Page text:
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There can be nothing more noble than determining not to seek revenge on your oppressors but to seek reconciliation with them. He truly was, as Archbishop Tutu said, an “icon of magnanimity”. That is why he not only became the leader of a struggle but truly can be described as the father of a nation, as we have seen in the tributes and emotion that he has inspired since his death in the black and white communities of South Africa.

We honour him too because, for him, the struggle against injustice was a story that never ended. Having been an activist who became a President, he was a President who became an activist once again, campaigning on causes from debt relief to HIV/AIDS to the war in Iraq.

We honour somebody, too, who wore his extraordinary heroism with the utmost humility. A year after he gave up the presidency, he came to the Labour party conference and described himself as

“an unemployed pensioner with a criminal record.”

He famously said to Desmond Tutu, who had teased him for his taste in gaudy shirts:

“It's pretty thick coming from a man who wears a dress in public.”

His empathy led him to seek out not the most famous person in the room but the least, and his warmth made every person he met walk taller.

So we honour a man who showed the true meaning of struggle, courage, generosity and humanity. But we gather here in our Parliament, in Britain, also to recognise that the history of our country was bound up with his struggle, in a spirit of truth and reconciliation. South Africa was, after all, once a British colony, but later Britain would become, in Nelson Mandela’s own words,

“the second headquarters of our movement in exile.”

The Prime Minister and I, and thousands of others, went to sign the condolence book at South Africa house on Friday. It is easy to forget now that South Africa house was not always such a welcoming place for the opponents of apartheid.

So we should also remember today the hundreds of thousands of people who were the Anti-Apartheid Movement in Britain: the people who stood month after month, year after year, on the steps of that embassy when the cause seemed utterly futile; the Churches, trade unions and campaigners who marched and supported the struggle financially, culturally and in so many other ways; the people who refused to buy South African produce and supported the call for sanctions—people whose names we do not know, from all over Britain, who were part of that struggle, as well as those who will be etched in history, including the leaders of the movement who found sanctuary in Britain, such as Ruth First, Joe Slovo and others. If the House will allow me, I will add that there were also those in my own party who played such an important role, such as Bob Hughes, now in the House of Lords, my right hon. Friend the Member for Neath (Mr Hain) and so many more.

It may seem odd to a younger generation that apartheid survived as long as it did, given that it now seems to have been universally reviled all the world over. But of course the truth, and the history, is very different. The cause was highly unfashionable, often considered dangerous by those in authority and opposed by those in government. The Prime Minister was right a few years ago to acknowledge the history. It is in the spirit of what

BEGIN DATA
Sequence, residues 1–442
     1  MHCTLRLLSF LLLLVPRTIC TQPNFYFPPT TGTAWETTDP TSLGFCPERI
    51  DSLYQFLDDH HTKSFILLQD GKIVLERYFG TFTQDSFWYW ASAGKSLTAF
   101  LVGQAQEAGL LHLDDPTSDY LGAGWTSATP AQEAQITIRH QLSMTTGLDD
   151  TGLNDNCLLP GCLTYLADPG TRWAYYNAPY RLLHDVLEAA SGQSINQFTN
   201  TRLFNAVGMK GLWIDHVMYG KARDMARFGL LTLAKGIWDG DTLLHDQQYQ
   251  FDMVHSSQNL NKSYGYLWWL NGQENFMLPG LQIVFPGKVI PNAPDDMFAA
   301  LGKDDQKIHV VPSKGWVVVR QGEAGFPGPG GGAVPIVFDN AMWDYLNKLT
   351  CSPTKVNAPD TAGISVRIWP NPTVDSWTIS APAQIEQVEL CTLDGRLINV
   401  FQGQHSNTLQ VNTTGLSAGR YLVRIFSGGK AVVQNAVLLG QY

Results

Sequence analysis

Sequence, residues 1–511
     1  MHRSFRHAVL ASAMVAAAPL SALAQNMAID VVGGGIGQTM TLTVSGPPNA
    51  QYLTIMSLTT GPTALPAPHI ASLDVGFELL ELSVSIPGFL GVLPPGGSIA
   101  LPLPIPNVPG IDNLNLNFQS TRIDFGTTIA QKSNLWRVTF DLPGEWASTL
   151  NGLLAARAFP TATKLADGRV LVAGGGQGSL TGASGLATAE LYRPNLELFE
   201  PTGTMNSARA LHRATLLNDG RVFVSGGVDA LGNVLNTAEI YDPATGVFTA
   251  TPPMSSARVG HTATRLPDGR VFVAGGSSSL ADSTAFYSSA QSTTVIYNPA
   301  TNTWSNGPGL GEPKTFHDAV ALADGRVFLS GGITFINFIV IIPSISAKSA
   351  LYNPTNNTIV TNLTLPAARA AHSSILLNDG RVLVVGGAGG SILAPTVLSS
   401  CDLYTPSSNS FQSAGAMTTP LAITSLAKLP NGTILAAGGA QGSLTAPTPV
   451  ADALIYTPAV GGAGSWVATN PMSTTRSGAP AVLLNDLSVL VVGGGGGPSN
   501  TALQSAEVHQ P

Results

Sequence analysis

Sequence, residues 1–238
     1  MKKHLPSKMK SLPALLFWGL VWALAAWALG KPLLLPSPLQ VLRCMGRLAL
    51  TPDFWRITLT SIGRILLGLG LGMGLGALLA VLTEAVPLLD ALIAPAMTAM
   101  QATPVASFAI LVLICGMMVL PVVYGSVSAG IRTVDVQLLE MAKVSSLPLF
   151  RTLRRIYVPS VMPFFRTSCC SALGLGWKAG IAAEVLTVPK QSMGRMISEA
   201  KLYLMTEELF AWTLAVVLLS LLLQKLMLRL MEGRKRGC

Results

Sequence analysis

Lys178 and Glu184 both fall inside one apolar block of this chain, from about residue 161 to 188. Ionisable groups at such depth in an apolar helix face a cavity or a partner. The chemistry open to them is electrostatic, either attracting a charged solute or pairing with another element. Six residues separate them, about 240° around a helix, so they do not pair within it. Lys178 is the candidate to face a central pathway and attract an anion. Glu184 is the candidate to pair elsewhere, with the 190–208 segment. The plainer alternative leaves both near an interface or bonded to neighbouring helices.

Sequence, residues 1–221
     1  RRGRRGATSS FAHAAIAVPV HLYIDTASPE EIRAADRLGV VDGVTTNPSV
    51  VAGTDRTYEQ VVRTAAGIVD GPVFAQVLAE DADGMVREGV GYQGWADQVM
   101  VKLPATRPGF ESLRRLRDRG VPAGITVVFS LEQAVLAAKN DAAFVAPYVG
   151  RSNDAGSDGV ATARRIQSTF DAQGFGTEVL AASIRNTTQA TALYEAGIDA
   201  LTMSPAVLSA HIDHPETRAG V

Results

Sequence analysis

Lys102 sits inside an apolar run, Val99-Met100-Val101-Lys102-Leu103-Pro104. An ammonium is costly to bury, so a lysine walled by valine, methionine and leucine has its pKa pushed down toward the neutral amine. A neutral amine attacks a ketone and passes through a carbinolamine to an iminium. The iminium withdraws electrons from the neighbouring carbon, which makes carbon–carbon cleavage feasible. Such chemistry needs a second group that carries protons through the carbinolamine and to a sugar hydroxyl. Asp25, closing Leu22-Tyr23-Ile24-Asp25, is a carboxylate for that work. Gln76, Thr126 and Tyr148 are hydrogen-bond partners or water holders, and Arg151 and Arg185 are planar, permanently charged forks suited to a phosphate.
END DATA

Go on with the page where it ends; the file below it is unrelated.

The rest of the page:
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Nelson Mandela taught us to acknowledge the truth about the past and, without rancour, to welcome the change that has come to pass, but also to honour his legacy by acknowledging that in every country, including our own, the battle against racial injustice still needs to be won. So we come here to honour the man, to acknowledge our history, and for one final purpose—to recognise and uphold the universal values for which Nelson Mandela stood: the dignity of every person, whatever his colour or creed, the value of tolerance and respect for all, and justice for all people wherever they may live and whatever oppression they may face.

Nelson Mandela himself said “I am not a saint. I am a sinner who keeps on trying.” His extraordinary life calls on us all to keep on trying—for nobler ideals, for higher purposes, and for a bigger, not a smaller politics. Inspired by his example and the movement that he led, we mourn his loss, we give thanks for his life, and we honour his legacy.

2.50 pm

The Deputy Prime Minister (Mr Nick Clegg): On behalf of the Liberal Democrats, let me add my voice to the many tributes to Nelson Mandela, the father of modern South Africa. Our thoughts and condolences are with his loved ones, the people of South Africa, and everyone around the world who is grieving his loss.

Nelson Mandela’s message transcended the boundaries of nations, people, colours and creeds, and his character transcended boundaries too. He was a politician, but he appeared to be free of all the pettiness of politics. He was a warm human being with a mischievous wit, yet seemed to rise above the normal human frailties of anger and hurt. He was a man who was well aware of his place in history, but he did not want to be placed on a pedestal, and was humble at all times. Given qualities like that, it is little wonder that millions of people who did not meet him in person none the less feel that they have lost a hero and a friend.